The latter form can be used as a closure or as an inline function. See this, this and that for more information about closures.
    Being an inline function you can set it to a variable:

    var myfunc = function() {...}

    This form may seem equivalent to the named form example above. However, they are not always equivalent. It is interpreter-specific. In IE JScript (I think it was IE6), named functions are always given their name regardless of their scope. This has the side effect of defining the function name as a global variable name. Take this example for more clarification:

    if (a > 1)
    function foo() {...}

    In bad interpreters (Micro$oft JScript for example) foo is always a global variable of type function. It can be called in all cases not only if a > 1!
    Need a dangerous scenario? Take this example:

    if (typeof foo == 'undefined')
    function foo() {...}

    Suppose you need to check whether a function is defined or not, and if not define it your own way. This could happen inside a large application where you test if some sources are included and act accordingly. This will not work as expected due to the missbehavior of such interpreter. I faced this problem when writing some code that checks if prototype was included or not. So I wrote:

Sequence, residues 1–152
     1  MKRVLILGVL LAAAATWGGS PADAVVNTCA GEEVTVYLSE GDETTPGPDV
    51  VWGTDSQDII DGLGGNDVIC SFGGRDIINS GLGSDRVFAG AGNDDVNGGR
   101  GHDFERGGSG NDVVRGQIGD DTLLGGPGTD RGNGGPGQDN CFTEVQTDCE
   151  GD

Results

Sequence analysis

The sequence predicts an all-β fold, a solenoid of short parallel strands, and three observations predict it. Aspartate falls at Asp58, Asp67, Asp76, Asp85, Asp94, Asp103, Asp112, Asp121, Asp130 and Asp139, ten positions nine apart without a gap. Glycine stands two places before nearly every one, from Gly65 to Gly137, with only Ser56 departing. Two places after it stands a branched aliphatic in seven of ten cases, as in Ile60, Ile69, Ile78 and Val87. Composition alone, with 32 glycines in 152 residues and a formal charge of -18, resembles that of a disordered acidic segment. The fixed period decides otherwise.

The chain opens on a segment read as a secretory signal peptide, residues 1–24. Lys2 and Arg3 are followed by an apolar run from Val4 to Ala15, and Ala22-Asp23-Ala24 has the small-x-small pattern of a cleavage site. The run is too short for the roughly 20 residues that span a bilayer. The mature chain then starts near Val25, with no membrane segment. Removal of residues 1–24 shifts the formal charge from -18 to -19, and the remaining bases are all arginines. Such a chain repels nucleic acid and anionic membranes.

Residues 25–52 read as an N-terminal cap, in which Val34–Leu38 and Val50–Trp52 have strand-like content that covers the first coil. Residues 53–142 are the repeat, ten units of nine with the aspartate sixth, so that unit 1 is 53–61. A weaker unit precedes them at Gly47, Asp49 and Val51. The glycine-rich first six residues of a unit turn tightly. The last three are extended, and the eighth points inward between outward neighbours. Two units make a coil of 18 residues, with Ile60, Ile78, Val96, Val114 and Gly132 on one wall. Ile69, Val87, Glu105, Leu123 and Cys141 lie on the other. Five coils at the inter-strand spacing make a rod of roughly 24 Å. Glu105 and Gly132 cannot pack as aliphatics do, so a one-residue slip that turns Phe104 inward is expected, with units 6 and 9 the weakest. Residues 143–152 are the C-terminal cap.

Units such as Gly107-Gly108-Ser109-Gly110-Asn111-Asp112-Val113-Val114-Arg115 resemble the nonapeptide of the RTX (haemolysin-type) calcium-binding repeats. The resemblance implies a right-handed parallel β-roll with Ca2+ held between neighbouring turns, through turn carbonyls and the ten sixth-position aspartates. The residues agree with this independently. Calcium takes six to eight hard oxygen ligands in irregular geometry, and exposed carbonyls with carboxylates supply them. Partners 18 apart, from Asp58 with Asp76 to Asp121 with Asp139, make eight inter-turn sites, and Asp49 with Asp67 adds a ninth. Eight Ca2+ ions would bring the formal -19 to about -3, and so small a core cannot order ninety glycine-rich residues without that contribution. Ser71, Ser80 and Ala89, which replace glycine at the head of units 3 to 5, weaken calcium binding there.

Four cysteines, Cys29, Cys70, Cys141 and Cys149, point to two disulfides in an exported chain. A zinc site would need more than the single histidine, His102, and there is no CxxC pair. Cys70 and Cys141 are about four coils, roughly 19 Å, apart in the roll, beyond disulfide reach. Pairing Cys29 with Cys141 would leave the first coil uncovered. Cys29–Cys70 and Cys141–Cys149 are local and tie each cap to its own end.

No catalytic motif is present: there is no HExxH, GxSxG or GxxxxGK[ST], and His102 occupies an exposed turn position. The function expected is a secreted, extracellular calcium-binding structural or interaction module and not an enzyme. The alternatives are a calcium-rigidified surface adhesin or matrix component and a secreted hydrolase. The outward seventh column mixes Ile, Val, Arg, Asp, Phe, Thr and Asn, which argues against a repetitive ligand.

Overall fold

if (typeof $ == 'undefined')
    function $(element) {return document.getElementById(element)}

    The result was my $ always overriding prototype's $!
    The solution is easy, just use:

    if (typeof $ == 'undefined')
    var $ = function (element) {return document.getElementById(element)}

    This way, $ will not be defined unless it is already defined before.

  6. Keep your files small, don't worry about number of files.